Classic Computer Magazine Archive COMPUTE! ISSUE 95 / APRIL 1988 / PAGE 80

States And Capitals

Elmer Larsen and M.D. Perry, Jr.

This educational game makes learning fun. There are three ways to play, each a variation that's just right for any member of the family. A color/graphics adapter or equivalent hardware is required, along with BASICA for the PC or GW-BASIC for compatibles.

If you think geography is boring, wait until you start playing "States and Capitals." After a few minutes you'll be hooked. And best of all, you'll be learning something about the U.S. With variations that allow you to work on states, capitals, or both states and capitals, this game can entertain and educate children and adults.

Getting Started

Since States and Capitals is written entirely in BASIC, type it in, save a copy to disk, and type RUN. The first thing you'll see is the main menu, which lists the playing options.

You can guess states only, capitals only, or combine the two and guess both states and capitals. Let's say, for example, that you choose the Capitals option from the menu. After making your selection, you'll see a green map of the continental U.S. with each state's borders clearly marked and the state with the first mystery capital highlighted in red. Below the map is a sentence informing you of which state has been selected and asking you to name its capital.

Simply type in the name of the state's capital at the prompt. Since States and Capitals is not case sensitive, you can type your answers either in upper- or lowercase. If your answer is correct, the program responds with a RIGHT! and changes the state's color to brown. If you're wrong, the computer gives you the correct answer, returns the state's color to green, and remembers the state so it can ask you the capital again later.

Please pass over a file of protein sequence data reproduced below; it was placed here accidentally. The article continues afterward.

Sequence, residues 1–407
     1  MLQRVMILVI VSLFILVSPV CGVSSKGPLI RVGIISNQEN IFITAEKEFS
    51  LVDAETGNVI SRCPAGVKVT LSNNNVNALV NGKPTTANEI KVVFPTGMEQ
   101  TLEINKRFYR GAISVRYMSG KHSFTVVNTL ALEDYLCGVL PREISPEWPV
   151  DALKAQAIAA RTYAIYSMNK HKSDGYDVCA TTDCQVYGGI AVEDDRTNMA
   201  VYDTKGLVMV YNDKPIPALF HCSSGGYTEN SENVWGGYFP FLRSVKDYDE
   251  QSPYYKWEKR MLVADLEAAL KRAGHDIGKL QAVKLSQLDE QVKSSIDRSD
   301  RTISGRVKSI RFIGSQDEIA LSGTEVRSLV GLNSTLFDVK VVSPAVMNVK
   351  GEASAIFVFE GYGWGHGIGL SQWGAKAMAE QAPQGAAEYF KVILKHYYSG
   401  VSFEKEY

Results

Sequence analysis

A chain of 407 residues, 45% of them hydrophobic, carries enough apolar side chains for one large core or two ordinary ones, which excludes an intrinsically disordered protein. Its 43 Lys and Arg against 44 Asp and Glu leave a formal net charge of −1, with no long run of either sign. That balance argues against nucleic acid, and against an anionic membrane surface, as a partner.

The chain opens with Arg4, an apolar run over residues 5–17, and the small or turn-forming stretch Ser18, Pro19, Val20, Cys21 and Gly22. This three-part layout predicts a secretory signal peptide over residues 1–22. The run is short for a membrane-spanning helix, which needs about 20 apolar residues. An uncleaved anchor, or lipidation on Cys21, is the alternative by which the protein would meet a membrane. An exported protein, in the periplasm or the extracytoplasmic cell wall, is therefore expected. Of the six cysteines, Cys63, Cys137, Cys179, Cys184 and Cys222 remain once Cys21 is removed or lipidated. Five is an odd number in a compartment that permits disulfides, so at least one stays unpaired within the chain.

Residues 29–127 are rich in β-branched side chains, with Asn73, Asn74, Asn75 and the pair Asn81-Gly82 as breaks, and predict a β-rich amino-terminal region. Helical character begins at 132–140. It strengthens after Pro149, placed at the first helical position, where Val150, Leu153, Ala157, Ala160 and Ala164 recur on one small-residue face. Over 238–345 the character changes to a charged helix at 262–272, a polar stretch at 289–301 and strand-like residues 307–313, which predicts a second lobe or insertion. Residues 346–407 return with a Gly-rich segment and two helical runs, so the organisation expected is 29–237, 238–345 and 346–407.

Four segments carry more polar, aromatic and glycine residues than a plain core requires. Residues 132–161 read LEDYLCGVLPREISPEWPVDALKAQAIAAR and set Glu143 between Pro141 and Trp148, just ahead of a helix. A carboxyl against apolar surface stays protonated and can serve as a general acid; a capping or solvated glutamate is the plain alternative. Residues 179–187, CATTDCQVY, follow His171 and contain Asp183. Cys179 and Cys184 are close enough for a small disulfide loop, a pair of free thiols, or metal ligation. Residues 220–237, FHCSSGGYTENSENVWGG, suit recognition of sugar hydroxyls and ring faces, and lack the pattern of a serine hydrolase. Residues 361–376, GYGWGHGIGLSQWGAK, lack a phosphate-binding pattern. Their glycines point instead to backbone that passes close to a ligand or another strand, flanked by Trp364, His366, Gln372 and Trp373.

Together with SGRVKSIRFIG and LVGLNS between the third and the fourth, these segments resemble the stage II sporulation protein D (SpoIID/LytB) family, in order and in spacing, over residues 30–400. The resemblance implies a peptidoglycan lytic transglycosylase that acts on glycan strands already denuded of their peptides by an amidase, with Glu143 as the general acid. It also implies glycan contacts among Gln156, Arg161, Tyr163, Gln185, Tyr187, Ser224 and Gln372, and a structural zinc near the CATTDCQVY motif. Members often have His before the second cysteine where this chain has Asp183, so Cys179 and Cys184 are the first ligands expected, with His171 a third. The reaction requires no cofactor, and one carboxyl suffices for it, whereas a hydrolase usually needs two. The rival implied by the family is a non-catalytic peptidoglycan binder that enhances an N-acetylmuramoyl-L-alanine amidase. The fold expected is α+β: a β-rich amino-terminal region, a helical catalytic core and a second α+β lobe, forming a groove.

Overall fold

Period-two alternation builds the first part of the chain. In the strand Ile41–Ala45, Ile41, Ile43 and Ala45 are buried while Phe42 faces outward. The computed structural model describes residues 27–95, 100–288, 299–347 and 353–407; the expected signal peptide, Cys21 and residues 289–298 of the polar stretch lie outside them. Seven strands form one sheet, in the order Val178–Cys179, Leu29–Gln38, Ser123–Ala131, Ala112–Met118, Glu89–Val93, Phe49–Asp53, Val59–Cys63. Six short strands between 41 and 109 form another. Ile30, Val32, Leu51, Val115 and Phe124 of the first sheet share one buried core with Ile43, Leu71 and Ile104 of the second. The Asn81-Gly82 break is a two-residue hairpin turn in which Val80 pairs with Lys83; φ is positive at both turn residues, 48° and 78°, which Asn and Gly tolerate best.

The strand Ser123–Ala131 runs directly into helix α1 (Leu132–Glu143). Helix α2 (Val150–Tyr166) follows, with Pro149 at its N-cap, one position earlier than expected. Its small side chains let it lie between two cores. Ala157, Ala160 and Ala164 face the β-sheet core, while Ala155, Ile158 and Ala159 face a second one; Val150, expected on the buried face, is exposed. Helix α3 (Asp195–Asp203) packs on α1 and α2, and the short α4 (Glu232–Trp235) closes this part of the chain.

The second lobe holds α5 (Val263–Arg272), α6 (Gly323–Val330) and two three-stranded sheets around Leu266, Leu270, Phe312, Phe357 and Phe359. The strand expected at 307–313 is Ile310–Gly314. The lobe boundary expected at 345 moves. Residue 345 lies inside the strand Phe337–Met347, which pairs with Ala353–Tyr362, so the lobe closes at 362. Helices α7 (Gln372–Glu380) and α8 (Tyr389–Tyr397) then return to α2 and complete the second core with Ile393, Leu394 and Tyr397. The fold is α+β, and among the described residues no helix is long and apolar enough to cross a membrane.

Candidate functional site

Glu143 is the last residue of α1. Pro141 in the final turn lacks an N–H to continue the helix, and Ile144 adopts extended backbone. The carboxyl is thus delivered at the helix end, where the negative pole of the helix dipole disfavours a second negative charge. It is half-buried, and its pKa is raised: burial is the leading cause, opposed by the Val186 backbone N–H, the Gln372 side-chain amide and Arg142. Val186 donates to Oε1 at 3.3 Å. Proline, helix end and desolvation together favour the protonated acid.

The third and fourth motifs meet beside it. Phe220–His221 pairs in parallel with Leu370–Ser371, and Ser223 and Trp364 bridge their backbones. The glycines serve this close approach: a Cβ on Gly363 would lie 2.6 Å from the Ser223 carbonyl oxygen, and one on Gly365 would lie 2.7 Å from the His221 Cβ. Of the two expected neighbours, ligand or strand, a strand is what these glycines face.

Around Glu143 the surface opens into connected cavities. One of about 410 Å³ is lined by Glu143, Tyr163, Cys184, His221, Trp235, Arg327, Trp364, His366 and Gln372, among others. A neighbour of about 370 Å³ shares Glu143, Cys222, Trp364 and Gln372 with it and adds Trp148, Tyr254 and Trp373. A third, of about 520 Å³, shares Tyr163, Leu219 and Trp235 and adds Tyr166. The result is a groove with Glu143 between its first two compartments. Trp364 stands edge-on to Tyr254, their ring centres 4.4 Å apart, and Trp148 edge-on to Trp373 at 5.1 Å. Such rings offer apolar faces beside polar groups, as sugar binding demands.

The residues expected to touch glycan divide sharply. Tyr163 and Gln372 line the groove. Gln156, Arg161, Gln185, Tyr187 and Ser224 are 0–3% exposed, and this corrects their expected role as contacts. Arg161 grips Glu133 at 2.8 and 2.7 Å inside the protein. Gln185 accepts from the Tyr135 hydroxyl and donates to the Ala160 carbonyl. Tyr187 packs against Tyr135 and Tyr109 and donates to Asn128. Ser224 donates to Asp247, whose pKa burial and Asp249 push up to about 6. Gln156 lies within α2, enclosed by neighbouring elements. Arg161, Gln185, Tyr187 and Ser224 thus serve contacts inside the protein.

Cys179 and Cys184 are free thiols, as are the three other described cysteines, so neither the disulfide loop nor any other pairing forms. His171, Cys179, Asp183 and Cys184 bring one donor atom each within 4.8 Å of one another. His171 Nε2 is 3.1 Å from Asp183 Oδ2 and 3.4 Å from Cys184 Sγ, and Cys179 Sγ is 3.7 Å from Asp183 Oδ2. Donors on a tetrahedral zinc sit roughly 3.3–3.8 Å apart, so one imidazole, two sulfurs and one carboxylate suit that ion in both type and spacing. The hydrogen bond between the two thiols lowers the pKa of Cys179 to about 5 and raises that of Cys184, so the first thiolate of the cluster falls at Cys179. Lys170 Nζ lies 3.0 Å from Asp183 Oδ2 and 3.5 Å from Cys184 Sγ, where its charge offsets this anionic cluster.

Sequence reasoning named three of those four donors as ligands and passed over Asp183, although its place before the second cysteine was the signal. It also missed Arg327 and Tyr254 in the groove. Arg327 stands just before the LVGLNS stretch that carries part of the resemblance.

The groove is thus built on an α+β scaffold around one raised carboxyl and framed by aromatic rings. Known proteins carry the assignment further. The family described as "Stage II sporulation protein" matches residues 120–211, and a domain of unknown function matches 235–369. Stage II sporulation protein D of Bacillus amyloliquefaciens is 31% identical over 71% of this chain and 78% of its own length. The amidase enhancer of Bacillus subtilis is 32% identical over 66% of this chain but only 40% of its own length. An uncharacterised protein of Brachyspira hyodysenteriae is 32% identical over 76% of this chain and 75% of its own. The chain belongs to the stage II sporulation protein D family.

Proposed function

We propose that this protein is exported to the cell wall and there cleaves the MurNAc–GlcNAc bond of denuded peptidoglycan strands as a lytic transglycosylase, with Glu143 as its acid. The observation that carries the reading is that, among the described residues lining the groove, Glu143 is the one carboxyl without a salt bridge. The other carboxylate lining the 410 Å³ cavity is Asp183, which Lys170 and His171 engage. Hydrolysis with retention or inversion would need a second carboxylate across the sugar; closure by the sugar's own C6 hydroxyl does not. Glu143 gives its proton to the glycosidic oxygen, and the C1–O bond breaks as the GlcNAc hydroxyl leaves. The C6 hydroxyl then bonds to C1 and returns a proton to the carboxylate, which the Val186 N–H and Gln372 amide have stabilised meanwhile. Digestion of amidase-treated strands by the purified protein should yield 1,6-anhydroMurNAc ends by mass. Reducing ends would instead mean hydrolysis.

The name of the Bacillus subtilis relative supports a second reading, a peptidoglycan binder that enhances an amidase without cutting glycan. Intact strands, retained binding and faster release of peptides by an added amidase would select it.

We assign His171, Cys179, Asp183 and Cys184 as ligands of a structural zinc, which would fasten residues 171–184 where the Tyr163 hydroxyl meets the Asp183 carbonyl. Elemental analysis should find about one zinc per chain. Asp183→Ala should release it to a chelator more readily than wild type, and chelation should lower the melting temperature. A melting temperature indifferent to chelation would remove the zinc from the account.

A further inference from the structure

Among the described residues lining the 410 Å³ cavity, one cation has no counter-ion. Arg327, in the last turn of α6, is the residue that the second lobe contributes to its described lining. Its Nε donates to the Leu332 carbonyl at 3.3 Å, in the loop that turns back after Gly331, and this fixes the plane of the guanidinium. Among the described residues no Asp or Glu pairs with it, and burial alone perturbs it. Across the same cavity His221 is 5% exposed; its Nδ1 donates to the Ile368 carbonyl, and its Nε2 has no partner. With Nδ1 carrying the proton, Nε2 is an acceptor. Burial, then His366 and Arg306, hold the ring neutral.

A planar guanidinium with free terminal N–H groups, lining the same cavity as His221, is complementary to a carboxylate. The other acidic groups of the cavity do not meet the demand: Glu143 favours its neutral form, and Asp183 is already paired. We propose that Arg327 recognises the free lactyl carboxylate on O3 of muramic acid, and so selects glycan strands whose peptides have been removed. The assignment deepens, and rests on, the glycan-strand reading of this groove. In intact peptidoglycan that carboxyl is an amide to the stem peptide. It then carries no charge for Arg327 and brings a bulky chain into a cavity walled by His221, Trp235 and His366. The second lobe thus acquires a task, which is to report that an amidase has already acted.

The game continues in this fashion until you've answered every capital correctly and every state on the map is colored brown. When you finish, you have the option of playing again or returning to BASIC.

The States-only version of the game is like Capitals. One by one, each state is highlighted on the map with red, and you're asked its name. If you answer correctly, the state's color changes to brown, and you continue. If you're incorrect, you'll get another chance later.

For the States and Capitals version of the game, you must identify both the state and the capital to win the state. Please note that in this and the other variations, spelling is important. We should also note that States and Capitals doesn't accept abbreviations. St. Paul, for example, must be spelled as Saint Paul, and South Dakota must include the full spelling, not S. for South.

Program Notes

The section of States and Capitals that draws the map of the U.S (lines 130–800) is from Icons and Images: A Graphics Collection for the IBM PC and PCjr, (available from COMPUTE! Books). This routine creates a realistic representation of the continental U.S., with each state's boundary accurately outlined.

The information on each state and capital is stored in four arrays of 48 elements each. This information includes the x and y coordinates of a point within the state for the PAINT command, the name of the state, and the capital. The arrays are filled by simply READing the DATA statements that begin in line 840.

"States And Capitals," an educational game for the whole family.

States and Capitals uses the random number generator to obtain each state's index number. As a player correctly identifies each state or capital, or both (depending on the variation of the game being played), the state is removed from the array and the number of states available decreases by one. This prevents a state from being selected a second time after the state has been correctly identified. When the number of states reaches 0, all states have been correctly identified and the game is over.

States and Capitals

For instructions on entering this program, please refer to "COMPUTE!'s Guide to Typing In Programs" elsewhere in this issue.